Solar eclipses, meteorology, cycling and dams. These are the areas of interest of one of the new donors to our University Fund. And that according to his own Wikipedia page. His name: Harry Otten. Until 2006 general manager of Meteo Consult and until 2011 still a small part owner. He has now been officially allowed to retire for a while, but he is making very little progress. In fact, five years ago he embarked on a new business adventure, directly related to the weather. It is a company that calculates the yield of solar and wind energy based on, among other things, weather forecasts. Information worth gold to traders. And he set up a new weather company. But that's not what this interview is about.
From nuclear energy to weather forecasts
It is about Harry as a donor to the fund. A donor who started his rich career in Eindhoven. For here he studied from 67-73. When he closed the TU/e doors for the last time, he did so as a nuclear physicist. In 1975 he started working at the KNMI, at the time the only agency that provided the Netherlands with weather forecasts. During a sabbatical in 1980 at Penn State University in the United States, Harry was introduced to several new methods of forecasting the weather. He tried to enthuse his colleagues in De Bilt about these developments but was unsuccessful. His conclusion was as simple as decisive “Then I'll do it myself”.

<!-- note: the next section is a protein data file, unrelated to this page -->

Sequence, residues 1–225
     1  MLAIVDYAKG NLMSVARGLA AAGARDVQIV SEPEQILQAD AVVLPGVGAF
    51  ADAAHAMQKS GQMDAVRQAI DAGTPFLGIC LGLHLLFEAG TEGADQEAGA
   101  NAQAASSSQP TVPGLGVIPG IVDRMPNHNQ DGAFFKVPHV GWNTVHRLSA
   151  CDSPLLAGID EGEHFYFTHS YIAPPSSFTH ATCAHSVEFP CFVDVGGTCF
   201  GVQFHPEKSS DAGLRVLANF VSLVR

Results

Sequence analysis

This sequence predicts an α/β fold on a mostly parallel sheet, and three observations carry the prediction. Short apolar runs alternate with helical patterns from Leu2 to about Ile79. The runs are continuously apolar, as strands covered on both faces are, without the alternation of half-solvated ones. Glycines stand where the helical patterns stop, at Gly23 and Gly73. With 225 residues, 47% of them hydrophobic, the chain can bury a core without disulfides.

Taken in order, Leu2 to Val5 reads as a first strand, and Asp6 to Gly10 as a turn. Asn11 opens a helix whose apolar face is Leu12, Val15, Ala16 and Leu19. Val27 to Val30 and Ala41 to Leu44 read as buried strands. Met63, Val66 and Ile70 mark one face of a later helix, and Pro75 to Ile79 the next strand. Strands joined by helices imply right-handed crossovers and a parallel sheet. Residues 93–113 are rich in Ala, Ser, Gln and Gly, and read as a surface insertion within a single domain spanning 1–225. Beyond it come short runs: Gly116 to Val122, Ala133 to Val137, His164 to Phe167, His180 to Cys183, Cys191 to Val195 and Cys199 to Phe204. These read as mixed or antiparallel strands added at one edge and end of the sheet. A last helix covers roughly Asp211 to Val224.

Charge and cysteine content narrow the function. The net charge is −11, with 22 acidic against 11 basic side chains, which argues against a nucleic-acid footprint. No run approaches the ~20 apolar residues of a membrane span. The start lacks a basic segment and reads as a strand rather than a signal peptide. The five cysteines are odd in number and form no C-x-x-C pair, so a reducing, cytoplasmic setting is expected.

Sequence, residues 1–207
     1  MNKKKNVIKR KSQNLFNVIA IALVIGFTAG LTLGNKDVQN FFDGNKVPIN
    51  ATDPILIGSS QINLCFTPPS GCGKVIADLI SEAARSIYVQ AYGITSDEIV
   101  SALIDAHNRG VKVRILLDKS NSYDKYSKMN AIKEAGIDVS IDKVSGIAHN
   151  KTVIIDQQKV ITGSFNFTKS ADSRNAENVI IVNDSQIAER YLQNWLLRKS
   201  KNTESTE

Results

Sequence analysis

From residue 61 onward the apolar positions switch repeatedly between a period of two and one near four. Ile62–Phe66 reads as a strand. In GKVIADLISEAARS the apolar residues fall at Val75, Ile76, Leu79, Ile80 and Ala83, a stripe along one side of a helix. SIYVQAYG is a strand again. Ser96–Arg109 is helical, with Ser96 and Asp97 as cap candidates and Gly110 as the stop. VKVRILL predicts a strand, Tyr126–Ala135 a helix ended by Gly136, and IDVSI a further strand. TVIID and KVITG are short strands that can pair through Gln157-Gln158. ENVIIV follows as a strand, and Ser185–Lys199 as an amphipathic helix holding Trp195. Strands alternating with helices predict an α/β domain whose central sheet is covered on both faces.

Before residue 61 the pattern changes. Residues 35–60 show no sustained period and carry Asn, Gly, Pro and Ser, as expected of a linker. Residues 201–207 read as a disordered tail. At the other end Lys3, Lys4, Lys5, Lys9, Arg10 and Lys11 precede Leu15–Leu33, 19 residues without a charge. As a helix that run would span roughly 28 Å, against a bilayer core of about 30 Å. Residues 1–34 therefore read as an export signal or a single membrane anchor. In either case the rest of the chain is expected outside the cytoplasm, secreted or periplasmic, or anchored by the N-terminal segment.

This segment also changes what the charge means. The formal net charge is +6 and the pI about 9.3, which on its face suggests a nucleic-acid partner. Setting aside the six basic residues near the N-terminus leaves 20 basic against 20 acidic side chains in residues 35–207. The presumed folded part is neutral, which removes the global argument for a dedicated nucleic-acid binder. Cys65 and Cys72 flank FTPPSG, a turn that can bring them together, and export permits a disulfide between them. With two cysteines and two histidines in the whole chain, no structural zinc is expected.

In 1986 he founded Meteo Consult, an organization that quickly made a name for itself and provided, among other things, RTL with weather forecasts. Harry himself also appeared on that channel for 15 years as a weather forecaster and the list of (former) employees of Meteo Consult includes many colleagues who we can now safely call Dutch celebrities.